The Justice Department on Friday said House Judiciary Committee Chairman Jerrold NadlerJerrold (Jerry) Lewis NadlerOcasio-Cortez, Bush push to add expanded unemployment in .5T spending plan Angelina Jolie spotted in Capitol meeting with senators House panel advances immigration language for reconciliation bill MORE’s (D-N.Y.) decision to issue a subpoena for special counsel Robert MuellerRobert (Bob) MuellerSenate Democrats urge Garland not to fight court order to release Trump obstruction memo Why a special counsel is guaranteed if Biden chooses Yates, Cuomo or Jones as AG Barr taps attorney investigating Russia probe origins as special counsel MORE’s full report is “premature and unnecessary.”
Kerri Kupec, a Justice Department spokeswoman, said in an emailed statement that Attorney General William BarrBill BarrVirginia governor's race enters new phase as early voting begins Clinton lawyer's indictment reveals 'bag of tricks' Attorney indicted on charge of lying to FBI as part of Durham investigation MORE had released Mueller's report with only “minimal redactions,” and that he already made arrangements for Nadler and other lawmakers to review a version with fewer redactions.
“In light of this, Congressman Nadler’s subpoena is premature and unnecessary,” Kupec said. “The Department will continue to work with Congress to accommodate its legitimate requests consistent with the law and long-recognized executive branch interests.”
Nadler issued a subpoena Friday morning to force the Justice Department to turn over Mueller’s full report, as well as the underlying evidence. He set a May 1 deadline for the department to comply.
Nadler said in a statement that he is “open to working with the Department to reach a reasonable accommodation for access to these materials” but described Barr’s proposal to allow a select group of lawmakers to view the less-redacted version of Mueller’s report as unacceptable.
“My Committee needs and is entitled to the full version of the report and the underlying evidence consistent with past practice. The redactions appear to be significant. We have so far seen none of the actual evidence that the Special Counsel developed to make this case,” Nadler said, adding that it is up to Congress “to determine the full scope of that alleged misconduct” by President TrumpDonald TrumpCapitol fencing starts coming down after 'Justice for J6' rally Netanyahu suggests Biden fell asleep in meeting with Israeli PM Aides try to keep Biden away from unscripted events or long interviews, book claims MORE laid out in Mueller’s sprawling report.
The version of Mueller’s report released by Barr publicly on Thursday restricts sensitive intelligence information, details that could impact ongoing investigations, grand jury material and information that could infringe on the privacy of “peripheral” third parties caught up in the investigation who were not charged with crimes.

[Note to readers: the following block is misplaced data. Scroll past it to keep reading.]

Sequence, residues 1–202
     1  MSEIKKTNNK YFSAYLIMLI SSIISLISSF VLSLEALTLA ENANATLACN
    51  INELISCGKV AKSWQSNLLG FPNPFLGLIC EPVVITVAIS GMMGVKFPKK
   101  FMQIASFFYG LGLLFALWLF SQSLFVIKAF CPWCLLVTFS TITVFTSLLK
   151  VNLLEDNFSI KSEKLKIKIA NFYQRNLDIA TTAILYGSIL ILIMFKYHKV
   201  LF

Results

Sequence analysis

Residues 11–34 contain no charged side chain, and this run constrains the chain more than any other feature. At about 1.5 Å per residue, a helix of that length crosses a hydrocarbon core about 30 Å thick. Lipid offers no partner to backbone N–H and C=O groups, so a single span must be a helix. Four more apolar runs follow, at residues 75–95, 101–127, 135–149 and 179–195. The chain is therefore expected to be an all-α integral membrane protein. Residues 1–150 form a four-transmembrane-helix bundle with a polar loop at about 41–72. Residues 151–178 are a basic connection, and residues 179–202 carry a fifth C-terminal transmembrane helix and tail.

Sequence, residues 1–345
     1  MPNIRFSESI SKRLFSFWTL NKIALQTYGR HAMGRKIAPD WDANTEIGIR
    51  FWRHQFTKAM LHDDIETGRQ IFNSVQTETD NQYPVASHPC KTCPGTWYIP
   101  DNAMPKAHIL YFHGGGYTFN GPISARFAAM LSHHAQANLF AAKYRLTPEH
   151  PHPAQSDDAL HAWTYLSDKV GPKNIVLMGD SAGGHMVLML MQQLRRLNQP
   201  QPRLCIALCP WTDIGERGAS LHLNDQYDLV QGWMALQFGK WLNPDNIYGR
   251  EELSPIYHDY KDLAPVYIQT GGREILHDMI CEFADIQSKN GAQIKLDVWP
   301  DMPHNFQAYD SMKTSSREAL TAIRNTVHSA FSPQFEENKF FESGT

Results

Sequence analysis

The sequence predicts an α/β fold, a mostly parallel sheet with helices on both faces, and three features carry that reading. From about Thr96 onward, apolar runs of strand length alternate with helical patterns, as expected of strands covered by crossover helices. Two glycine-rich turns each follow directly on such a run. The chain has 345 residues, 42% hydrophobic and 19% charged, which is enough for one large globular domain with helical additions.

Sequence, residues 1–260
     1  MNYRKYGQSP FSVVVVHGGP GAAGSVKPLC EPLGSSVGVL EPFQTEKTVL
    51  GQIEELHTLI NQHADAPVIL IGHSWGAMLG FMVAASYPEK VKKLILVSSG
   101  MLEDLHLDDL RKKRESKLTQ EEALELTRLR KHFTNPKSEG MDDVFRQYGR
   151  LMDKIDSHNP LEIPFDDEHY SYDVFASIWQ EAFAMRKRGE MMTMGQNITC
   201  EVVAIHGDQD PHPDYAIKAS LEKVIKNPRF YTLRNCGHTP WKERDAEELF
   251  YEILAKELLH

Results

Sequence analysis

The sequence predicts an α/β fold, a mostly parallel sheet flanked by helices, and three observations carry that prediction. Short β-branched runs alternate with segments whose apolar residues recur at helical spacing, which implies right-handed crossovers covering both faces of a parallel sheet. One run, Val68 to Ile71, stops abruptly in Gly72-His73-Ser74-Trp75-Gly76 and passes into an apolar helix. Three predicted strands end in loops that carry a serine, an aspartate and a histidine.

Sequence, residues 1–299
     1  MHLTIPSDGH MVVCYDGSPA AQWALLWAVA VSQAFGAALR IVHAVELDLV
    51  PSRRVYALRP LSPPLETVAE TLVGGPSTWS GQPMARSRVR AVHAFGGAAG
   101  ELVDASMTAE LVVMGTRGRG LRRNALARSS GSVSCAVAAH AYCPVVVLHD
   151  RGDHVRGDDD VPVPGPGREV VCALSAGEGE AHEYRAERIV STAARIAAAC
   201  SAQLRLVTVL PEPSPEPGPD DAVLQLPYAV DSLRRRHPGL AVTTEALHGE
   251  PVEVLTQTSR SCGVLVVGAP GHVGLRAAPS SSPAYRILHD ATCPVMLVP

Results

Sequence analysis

In a letter to Nadler and Senate Judiciary Committee Chairman Lindsey GrahamLindsey Olin GrahamSenate parliamentarian nixes Democrats' immigration plan The Hill's Morning Report - Presented by National Industries for the Blind - Tight security for Capitol rally; Biden agenda slows Trump offers sympathy for those charged with Jan. 6 offenses MORE (R-S.C.) on Thursday afternoon, Assistant Attorney General Stephen Boyd said the Justice Department would allow the leaders of their committees as well as the Gang of Eight legislative leaders access to details in Mueller’s report that were redacted from the public version. That includes sensitive national security information and details that could impact ongoing criminal investigations. Boyd said grand jury material, which is subject to federal secrecy rules absent a court order from a judge, would remain restricted.
Boyd said that the Office of Legislative Affairs would operate a secure reading room at the Justice Department next week for those lawmakers to review the report “in camera” and would give lawmakers the chance to review the less-redacted report in the secure spaces on Capitol Hill the following week, when lawmakers return from a two-week recess. They would be prohibited from discussing the information that was not revealed in the public report.
However, top congressional Democrats rejected that proposal Friday afternoon, describing the conditions as unacceptable.
Mueller’s 448-page report details his investigation into Russia's election interference and links between the Trump campaign and Moscow and reveals that the special counsel did not find sufficient evidence to charge members of the campaign with conspiring with the Kremlin. Substantial portions of the section discussing Russian interference are blacked out, particularly to avoid impeding ongoing criminal matters.
The report also discusses Mueller’s investigation into episodes of potential obstruction of justice by Trump, though does not ultimately reach a conclusion one way or another on whether the president obstructed the investigation. The special counsel wrote that he lacked “confidence” to rule definitively that Trump did not criminally obstruct justice, and that his report did not exonerate the president.
Nadler and other Democrats have accused Barr of impropriety in the handling of Mueller’s final report, claiming he provided a rosier picture of Mueller’s findings with respect to the president’s conduct than is detailed in the report. Barr ultimately judged Mueller’s evidence to be insufficient to charge Trump with obstructing justice, which he revealed three weeks before making the report public.
The Justice Department has defended Barr’s handling of the investigation, saying he has acted in the spirit of transparency to release as much from the report as possible – which he is not legally required to do.